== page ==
Body shaming and the fallacy of an ideal body type

  • September 4, 2018

Recently, while surfing channels on the television, I came across a ‘magic-belt’ advertisement. What was so ‘magical’ about that belt? Well, as per the ad, a girl who was failing at interviews due to a bulky-belly, elicited the confidence to accomplish her dream job by getting a ‘toned stomach’ after wearing the belt for a stipulated period of time. I flipped through the channels and found another commercial where a youngster, considered a social misfit because he was too skinny, apparently got acceptance in his peer group after gaining weight by dumping oodles of a certain powder into his body. Because only the ‘ideal body’ matters and honesty, sense of humour, compassion, and other such traits are secondary. At least that is what the contemporary media is propagating.  And if you do not qualify the socially constructed ideas of beauty, there is a swarm of people to remind you about your ‘imperfections’.

 

What is a perfect body anyway?

We live in a world that is becoming increasingly hedonistic; making a hobby out of criticizing the physical appearances of each other. What is a ‘perfect body’ anyway? How can there be a wrong way to have a body? Even Kate Middleton was body-shamed for not having the ‘curves’ required to drape a sari.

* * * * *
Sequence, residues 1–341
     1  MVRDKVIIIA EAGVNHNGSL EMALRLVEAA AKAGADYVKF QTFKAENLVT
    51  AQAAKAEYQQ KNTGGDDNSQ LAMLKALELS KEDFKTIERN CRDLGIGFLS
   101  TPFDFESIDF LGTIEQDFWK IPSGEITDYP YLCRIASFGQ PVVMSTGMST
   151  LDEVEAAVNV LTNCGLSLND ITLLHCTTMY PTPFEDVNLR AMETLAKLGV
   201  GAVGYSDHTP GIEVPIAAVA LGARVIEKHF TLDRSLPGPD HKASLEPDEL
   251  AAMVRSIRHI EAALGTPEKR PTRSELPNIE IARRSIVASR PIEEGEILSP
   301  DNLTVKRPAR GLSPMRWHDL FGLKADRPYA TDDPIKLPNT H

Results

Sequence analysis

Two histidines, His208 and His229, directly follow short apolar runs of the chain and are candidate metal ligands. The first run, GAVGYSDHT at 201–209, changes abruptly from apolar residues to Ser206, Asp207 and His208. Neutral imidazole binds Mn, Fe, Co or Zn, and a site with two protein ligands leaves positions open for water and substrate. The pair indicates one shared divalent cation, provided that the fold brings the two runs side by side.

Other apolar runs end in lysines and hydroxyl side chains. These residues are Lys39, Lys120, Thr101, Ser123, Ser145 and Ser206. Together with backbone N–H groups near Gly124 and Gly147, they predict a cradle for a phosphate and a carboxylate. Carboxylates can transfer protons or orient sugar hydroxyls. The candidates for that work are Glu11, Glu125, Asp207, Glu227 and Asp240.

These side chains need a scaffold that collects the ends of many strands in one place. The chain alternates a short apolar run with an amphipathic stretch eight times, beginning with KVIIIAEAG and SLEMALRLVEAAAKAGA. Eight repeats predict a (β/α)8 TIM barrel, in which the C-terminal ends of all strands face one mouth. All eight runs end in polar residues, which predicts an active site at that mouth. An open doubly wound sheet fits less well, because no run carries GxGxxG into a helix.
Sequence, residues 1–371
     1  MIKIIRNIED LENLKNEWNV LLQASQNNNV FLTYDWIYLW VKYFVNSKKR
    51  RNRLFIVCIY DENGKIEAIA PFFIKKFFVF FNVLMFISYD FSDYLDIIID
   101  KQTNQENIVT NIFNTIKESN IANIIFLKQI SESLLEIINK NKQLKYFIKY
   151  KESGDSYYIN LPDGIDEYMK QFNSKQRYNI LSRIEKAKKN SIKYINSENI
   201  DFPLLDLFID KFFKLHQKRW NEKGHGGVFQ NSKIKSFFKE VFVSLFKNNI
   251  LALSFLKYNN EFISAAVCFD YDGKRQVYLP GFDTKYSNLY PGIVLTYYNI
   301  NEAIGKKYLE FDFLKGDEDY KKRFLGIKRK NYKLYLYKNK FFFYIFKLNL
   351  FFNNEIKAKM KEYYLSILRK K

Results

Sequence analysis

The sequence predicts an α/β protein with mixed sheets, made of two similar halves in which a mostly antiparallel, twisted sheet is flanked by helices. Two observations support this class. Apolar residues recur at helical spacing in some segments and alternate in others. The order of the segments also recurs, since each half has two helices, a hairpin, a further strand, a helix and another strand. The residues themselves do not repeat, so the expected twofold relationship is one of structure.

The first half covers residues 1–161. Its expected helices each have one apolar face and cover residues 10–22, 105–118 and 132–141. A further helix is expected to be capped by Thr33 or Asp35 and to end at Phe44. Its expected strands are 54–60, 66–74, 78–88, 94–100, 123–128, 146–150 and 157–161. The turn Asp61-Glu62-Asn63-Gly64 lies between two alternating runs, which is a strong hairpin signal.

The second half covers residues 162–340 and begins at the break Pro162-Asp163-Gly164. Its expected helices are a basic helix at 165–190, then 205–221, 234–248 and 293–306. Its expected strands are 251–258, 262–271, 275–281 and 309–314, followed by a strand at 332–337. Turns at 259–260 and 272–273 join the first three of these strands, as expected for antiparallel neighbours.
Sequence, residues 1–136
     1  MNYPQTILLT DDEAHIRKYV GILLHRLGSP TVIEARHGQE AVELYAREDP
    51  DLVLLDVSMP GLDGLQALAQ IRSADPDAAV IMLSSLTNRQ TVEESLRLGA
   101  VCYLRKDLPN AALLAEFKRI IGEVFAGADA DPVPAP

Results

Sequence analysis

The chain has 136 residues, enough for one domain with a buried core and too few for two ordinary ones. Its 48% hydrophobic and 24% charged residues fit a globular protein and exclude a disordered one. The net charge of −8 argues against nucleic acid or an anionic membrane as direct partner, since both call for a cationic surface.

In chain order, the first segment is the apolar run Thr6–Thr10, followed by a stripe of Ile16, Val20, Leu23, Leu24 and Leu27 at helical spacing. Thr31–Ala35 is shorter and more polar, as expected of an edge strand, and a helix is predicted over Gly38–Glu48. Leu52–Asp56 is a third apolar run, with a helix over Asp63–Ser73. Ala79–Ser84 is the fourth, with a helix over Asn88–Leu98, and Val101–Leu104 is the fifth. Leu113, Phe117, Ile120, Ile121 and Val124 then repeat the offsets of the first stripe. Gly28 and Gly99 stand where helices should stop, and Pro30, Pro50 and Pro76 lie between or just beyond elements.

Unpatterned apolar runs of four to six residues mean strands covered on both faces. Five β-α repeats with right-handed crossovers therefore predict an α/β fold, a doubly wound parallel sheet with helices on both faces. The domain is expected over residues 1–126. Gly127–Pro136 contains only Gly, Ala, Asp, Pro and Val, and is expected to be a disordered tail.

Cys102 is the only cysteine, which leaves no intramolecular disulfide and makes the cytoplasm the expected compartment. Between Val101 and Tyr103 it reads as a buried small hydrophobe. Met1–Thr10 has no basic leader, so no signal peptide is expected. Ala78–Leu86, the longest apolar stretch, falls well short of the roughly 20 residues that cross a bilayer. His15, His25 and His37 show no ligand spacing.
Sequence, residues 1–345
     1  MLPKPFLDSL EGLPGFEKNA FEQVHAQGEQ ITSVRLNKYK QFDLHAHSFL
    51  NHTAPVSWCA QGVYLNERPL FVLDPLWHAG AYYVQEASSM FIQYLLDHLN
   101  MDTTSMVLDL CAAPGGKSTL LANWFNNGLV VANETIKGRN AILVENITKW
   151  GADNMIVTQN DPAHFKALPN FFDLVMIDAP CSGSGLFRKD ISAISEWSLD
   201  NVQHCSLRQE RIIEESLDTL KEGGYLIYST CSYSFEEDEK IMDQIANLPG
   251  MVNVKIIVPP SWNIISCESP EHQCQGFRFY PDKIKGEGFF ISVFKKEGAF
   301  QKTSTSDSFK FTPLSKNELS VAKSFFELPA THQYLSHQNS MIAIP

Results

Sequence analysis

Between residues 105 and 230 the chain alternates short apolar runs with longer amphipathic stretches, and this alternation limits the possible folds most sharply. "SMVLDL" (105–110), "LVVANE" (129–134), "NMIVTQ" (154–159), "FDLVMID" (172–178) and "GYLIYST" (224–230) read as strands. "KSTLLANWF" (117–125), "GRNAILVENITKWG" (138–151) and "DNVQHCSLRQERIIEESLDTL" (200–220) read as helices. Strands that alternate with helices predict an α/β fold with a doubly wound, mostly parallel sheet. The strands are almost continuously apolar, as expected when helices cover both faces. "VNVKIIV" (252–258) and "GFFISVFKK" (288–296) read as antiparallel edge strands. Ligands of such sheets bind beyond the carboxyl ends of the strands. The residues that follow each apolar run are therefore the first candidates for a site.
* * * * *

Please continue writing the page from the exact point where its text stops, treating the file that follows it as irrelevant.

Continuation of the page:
Men worry about the lack of chest hair; women have to worry about getting their unwanted hair removed. Too thin, too fat, too dark or pale, flat- chest, or a huge bosom, wobbly, bony, scrawny; there is no end to this incessant scrutiny.

 

Succumbing to the pressures of beauty standards

However, those who indulge in body shaming do not realize that their unwelcome comments and insensitivity can have a deep psychological impact on others. It can ruin the mental and physical health of people, gradually wrecking their confidence. People can develop serious eating disorders, dwell into anxiety and depression and may even commit suicide, succumbing to the pressures of the fallacy of beauty standards.

The sacred relationship between you and your body

Instead of focusing on the insults, take time to meliorate your body for your own sake. The relationship you have with your body is sacred. And like every relationship, do not give anybody the right to interfere between the two of you. Give yourself a dose of confidence by concentrating on what you are good at; remember, everybody has insecurities, even the ones you consider flawless have body issues. However, it is none of anyone’s business to keep pointing them out.

To quote Dennis E. Adonis: ‘People would say bad things about you because it is the only way their insignificant self can feel better than you.’ Remember, you do not exist to please others.

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